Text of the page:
By Hailey Nuthals, Highlighter Editor
Tuesday was a momentous night for Delta Spirit frontman Matthew Logan Vasquez, as he celebrated the release of his first solo LP “Solicitor Returns” at Brooklyn’s Baby’s All Right. The Brooklyn-born but recently Austin-bound singer had released an impressive EP, “Austin,” this past October, and had finally returned to New York to commemorate his new album.
Amidst a crowd of friendly Brooklynites all colorfully lit by the repurposed wine bottles on stage, the show felt like someone had taken the cult favorite book / film “Perks of Being a Wallflower” and aged all the characters ahead 10 or 15 years. That is to say, Vasquez’s crowd was primarily 20-something hipsters who looked like they knew a thing or two about beard grooming and wanderlust. The two opening acts, Cut Worms and Hideout, had warmed the crowd up nicely, and by the time Vasquez came out, everyone was pressed to the stage and ready to party.
Cheers greeted the star of the show as he came on stage, and the night only got friendlier. As he and his backing band launched into their set, the audience was pulsating, grooving back and forth and up and down, Polaroid camera flashes and Snapchat screens visible throughout. Vasquez obviously came to the right town to celebrate the release, because the crowd all seemed to know his work, and they sang along to it with loose smiles and raised hands.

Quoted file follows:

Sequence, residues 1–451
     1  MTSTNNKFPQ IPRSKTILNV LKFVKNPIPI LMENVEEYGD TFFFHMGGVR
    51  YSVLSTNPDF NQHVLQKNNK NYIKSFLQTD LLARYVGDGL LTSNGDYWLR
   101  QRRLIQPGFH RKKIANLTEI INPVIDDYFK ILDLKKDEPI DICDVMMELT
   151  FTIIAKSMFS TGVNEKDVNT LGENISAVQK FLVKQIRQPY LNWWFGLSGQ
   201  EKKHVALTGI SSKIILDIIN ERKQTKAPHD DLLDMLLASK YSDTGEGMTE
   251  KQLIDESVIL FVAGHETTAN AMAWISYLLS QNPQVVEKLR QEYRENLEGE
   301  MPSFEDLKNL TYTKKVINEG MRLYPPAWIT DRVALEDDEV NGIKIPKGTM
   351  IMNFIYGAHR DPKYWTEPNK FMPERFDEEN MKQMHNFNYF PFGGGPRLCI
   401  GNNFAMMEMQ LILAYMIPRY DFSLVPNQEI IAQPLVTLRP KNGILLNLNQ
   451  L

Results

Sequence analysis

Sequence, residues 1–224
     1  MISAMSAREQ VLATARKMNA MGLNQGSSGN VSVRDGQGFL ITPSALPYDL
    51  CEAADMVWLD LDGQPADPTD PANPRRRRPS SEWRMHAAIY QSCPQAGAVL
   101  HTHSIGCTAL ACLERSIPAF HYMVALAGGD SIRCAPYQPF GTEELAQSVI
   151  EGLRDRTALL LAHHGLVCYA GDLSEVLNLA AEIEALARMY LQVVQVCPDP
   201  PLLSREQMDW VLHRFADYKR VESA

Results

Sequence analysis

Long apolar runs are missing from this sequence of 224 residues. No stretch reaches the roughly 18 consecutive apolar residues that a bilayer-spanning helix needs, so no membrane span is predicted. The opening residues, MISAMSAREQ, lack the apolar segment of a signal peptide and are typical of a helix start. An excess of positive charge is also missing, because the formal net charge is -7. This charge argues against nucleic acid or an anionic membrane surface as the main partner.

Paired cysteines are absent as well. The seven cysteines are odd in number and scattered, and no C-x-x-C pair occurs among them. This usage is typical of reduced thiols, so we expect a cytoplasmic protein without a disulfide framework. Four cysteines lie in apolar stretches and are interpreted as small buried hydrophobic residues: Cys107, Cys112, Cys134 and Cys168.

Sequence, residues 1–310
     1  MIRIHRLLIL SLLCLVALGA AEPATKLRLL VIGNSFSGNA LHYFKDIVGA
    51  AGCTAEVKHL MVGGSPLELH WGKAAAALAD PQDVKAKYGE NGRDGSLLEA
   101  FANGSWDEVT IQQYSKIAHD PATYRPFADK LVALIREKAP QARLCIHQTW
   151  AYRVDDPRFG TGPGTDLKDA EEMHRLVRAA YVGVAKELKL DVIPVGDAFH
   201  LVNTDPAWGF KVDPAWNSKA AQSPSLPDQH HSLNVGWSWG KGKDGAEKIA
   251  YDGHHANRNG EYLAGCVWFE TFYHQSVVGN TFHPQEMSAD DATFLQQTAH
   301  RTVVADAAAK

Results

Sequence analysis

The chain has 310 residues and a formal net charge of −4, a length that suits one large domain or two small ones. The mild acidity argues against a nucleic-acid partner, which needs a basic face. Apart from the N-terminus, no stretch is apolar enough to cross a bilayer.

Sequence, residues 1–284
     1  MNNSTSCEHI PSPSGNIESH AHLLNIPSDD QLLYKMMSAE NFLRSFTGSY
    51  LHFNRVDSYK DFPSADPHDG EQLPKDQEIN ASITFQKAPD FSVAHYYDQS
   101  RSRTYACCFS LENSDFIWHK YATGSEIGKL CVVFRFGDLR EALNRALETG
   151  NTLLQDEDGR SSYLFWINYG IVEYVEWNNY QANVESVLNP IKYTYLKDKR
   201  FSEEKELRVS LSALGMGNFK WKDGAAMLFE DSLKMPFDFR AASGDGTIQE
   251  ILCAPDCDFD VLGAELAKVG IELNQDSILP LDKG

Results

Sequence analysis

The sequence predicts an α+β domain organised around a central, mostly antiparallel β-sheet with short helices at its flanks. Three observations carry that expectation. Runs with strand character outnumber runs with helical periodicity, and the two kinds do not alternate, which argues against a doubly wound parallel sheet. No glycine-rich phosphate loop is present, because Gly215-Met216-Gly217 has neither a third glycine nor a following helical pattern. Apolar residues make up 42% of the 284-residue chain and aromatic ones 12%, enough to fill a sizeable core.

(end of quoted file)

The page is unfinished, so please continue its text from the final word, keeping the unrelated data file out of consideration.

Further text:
The concert itself was a wonderfully teeming mix of Blink-182, garage punk, Oughts rock, and heavy metal, all squashed together into a genre that could affectionately be called “dad rock.” (Don’t be mislead, however; Vasquez isn’t even close to any radar your parents are using to make their playlists.) It was rebellious without being anarchical, and energetic without losing control. Vasquez even jumped into the crowed for a song to mix around with his fans, but mosh pits weren’t started, and instruments left the stage in the condition they came on.
The night was a feel-good, rock-out event. It was the perfect way to celebrate a new release and make new friends amongst the flannel-clad, carefully-styled hipsters that could have either just walked in from Williamsburg or Corpus Christi. Vasquez’s power chords and impressive guitar solos cut through the din of the crowd, and the sincerity of both his lyrics and singing were easily seen in the earnest, unrelenting way that he played. His band, too, was not to be overlooked – even amongst some thick-textured harmonies, the bassist stood out with his rhythm and clever foundation, and the guitarist (“we call him the Nature Man!”) was contagiously energetic. It was undeniably a perfect way to honor the album release, and with any luck, the momentum will carry through to sales.